What is the theme of A Doll's House?

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One major theme of the play is that women must be the social and legal equals of men; otherwise, not only their independence but also the happiness of all is compromised. Torvald does not see his wife, Nora , as his equal. One indicator of this is the nicknames that...

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One major theme of the play is that women must be the social and legal equals of men; otherwise, not only their independence but also the happiness of all is compromised. Torvald does not see his wife, Nora, as his equal. One indicator of this is the nicknames that he has for her: "the squirrel," "little lark," and so on. By the end of the play, Nora has realized—based on Torvald's horrific response to the knowledge that she took out a loan and forged her father's signature to do so—that her life has been without meaning and that she does not truly know who she is. She says,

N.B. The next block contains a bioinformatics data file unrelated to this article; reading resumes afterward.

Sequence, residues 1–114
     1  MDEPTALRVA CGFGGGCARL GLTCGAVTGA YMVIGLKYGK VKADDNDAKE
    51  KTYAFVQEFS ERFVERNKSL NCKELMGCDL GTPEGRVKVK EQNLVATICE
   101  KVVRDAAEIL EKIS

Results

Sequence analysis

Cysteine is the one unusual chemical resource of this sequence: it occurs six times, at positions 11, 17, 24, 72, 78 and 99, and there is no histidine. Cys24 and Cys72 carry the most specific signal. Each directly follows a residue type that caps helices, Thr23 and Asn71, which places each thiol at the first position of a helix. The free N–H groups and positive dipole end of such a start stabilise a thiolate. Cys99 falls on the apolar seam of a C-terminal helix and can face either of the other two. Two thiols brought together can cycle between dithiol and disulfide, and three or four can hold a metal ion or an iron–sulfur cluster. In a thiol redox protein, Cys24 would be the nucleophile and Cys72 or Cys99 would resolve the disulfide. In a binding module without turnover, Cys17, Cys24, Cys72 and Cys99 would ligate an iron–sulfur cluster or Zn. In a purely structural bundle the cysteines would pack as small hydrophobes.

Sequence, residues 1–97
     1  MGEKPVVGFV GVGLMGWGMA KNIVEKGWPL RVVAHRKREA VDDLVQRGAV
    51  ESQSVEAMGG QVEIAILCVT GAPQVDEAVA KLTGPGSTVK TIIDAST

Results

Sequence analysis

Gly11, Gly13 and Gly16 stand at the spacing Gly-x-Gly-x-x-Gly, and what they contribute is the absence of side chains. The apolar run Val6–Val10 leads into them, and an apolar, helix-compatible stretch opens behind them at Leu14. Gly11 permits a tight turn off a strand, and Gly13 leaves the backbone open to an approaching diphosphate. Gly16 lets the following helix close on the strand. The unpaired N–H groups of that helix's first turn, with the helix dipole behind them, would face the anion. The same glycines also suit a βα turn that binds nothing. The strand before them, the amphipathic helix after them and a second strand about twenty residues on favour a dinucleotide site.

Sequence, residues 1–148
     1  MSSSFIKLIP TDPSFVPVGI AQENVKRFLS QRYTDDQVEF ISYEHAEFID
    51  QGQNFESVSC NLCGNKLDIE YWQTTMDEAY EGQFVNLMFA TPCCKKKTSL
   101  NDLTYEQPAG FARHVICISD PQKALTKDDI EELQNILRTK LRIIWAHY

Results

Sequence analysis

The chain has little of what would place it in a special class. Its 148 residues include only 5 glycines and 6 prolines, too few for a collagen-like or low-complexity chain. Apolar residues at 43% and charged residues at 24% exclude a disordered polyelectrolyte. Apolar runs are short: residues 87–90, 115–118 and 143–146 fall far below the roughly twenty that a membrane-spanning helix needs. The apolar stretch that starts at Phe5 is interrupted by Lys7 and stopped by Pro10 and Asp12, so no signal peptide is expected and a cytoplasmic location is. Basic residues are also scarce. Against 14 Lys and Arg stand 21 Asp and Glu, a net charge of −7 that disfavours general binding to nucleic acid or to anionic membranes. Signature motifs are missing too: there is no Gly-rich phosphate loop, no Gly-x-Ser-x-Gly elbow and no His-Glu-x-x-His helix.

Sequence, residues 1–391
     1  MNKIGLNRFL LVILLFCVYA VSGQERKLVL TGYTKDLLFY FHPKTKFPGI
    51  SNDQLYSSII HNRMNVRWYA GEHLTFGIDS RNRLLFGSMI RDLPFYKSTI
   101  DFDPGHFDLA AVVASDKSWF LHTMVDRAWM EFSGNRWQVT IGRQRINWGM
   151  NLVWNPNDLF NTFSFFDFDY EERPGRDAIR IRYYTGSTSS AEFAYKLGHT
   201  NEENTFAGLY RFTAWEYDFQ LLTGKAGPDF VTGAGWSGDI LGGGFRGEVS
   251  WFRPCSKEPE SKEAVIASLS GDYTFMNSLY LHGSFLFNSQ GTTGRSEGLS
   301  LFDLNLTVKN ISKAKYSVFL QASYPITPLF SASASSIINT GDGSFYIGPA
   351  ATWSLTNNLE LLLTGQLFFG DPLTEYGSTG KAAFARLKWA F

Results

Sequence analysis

I passed from father's hands into yours. You arranged everything according to your taste; and I got the same tastes as you; or I pretended to—I don't know which—both ways, perhaps; sometimes one and sometimes the other. When I look back on it now, I seem to have been living here like a beggar, from hand to mouth. I lived by performing tricks for you, Torvald. But you would have it so. You and father have done me a great wrong. It is your fault that my life has come to nothing.

As a result of Nora's feeling that she's never really had a life or identity that belongs to her, she abandons her family: her husband and children. This is a pretty shocking turn of events, one that absolutely astonishes Torvald, especially because he claims that he has forgiven her for her "want of principle" (which he obviously only does because Krogstad has forgiven the debt). Society's refusal to allow women their own identities and legal decisions has resulted in the unhappiness of an entire family, and this could have been avoided if Nora had been treated as an equal with rights and ideas of her own.

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